Jeff Thompson’s Computers On Law & Order includes 11,000 screenshots of all 456 episodes of the classic drama, and will trace the history of the computer across set design in the series. Just amazing. Found here.
Undoubtedly the most important thing I’ve seen in days: a Tumblr dedicated to photographs of mirrors on Craigslist. Just incredible.
Mirrors and Windows is a beautiful look at the bedrooms of women across the globe. Some beautiful, some wanting, some not work safe. The collection is a stunning glimpse into the complexity of the woman’s life and space, as well as the dramatic cultural differences between women of the same age living in different worlds.
Source Code in TV & Film is wonderful, even if you don’t care much for or understand code. Find out what all those blackboard formulas have been lifted from and why it makes no sense, or find the guy who actually wrote code to demonstrate the use of Raw Sockets in writing Packet Injection programs. The image above shows code used in White House Down when they were, of course, hacking into a mainframe.
“In the strange video, Beyoncé walks out of her apartment past some Dickensian children who turn out to be paparazzi. There is a straight couple (of which the man is actually a gay I know from my gym) making out in what I presume to be TriBeCa. Then I can’t figure it out — it looks like she goes to meet a man in a hoodie on the Upper East Side, which can’t be true, because nobody would ever wear a hoodie on the Upper East Side. I love this song.”
Read the whole thing, please.
“Not all obituaries are created equal. As a genre of occasional writing, some are composed without intimate knowledge of the deceased or deep reflection about their contributions. But the best of the obituaries written about these and other towering thinkers command our attention, for they invite us to reckon once again (and ever anew) with the political work and social location of what the historian Christopher Lasch referred to as the “intellectual as a social type.” Some are just a paragraph long; others go on for pages. But at their finest, obituaries of intellectuals attempt to resituate these thinkers and their ideas in the historical conditions from which they came and to which they spoke. And they invite us to recall how we put them to work in our own intellectual biographies.”
“Over Our Dead Bodies” –Jennifer Ratner-Rosenhagen
It sometimes works that way.
“It’s becoming quite apparent to us that the world of playing the perfect music to people and the world of playing perfect advertising to them are strikingly similar,” says Eric Bieschke, Pandora’s chief scientist.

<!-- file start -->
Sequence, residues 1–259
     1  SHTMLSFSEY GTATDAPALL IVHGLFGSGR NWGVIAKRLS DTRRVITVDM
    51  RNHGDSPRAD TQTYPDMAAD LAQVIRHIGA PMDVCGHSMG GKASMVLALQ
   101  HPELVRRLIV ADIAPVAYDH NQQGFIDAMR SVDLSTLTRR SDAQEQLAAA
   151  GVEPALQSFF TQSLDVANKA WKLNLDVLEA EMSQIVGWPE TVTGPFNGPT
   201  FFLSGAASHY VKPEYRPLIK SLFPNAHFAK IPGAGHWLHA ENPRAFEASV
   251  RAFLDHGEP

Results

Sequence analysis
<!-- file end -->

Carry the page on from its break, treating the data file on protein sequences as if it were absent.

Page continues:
The original Netflix prediction algorithm — the one which guessed how much you’d like a movie based on your ratings of other movies — was an amazing piece of computer technology, precisely because it managed to find things you didn’t know that you’d love. More than once I would order a movie based on a high predicted rating, and despite the fact that I would never normally think to watch it — and every time it turned out to be great. The next generation of Netflix personalization, by contrast, ratchets the sophistication down a few dozen notches: at this point, it’s just saying “well, you watched one of these Period Pieces About Royalty Based on Real Life, here’s a bunch more”.
If you have been following the Jenny McCarthy news the last week or so, you probably already have an opinion about her politicking around a particularly unscientific strand of autism therapy and spreading false information about vaccines. My son has high functioning autism (I post related stories I find informative here), and while most of my energy goes towards his therapy and development, I find myself becoming more and more angry about McCarthy’s narcissism masked as thought leader and family representative. It’s selfish, dangerous, and now with this latest thing, pretty presumptuous, as she bundles “many families who are courageously dealing with this disorder” into her talking points. As though we’ve all chosen her as our speaker. It’s infuriating. This morning, I read this wonderful (and concise) response, “Jenny McCarthy, Autism Families Are Not Your Shield”, and wanted to share it here as well.
Stand up and distance yourself from your previous stances on vaccines. That would be leadership. Tell your organization and your parent convention that some of these “therapies” are harming children and you won’t promote them. That would be leadership.
Using autism for self promotion, like you are doing here, that’s not leadership.